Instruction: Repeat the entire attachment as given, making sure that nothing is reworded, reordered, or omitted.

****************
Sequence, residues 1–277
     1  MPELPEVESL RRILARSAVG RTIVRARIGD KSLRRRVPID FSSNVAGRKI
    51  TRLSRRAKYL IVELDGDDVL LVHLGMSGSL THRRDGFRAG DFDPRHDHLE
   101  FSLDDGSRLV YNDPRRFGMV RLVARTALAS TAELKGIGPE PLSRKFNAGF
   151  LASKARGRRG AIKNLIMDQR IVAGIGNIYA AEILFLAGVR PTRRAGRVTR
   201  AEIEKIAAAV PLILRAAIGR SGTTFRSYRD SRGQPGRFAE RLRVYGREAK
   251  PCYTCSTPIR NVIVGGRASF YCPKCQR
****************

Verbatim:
Sequence, residues 1–277
     1  MPELPEVESL RRILARSAVG RTIVRARIGD KSLRRRVPID FSSNVAGRKI
    51  TRLSRRAKYL IVELDGDDVL LVHLGMSGSL THRRDGFRAG DFDPRHDHLE
   101  FSLDDGSRLV YNDPRRFGMV RLVARTALAS TAELKGIGPE PLSRKFNAGF
   151  LASKARGRRG AIKNLIMDQR IVAGIGNIYA AEILFLAGVR PTRRAGRVTR
   201  AEIEKIAAAV PLILRAAIGR SGTTFRSYRD SRGQPGRFAE RLRVYGREAK
   251  PCYTCSTPIR NVIVGGRASF YCPKCQR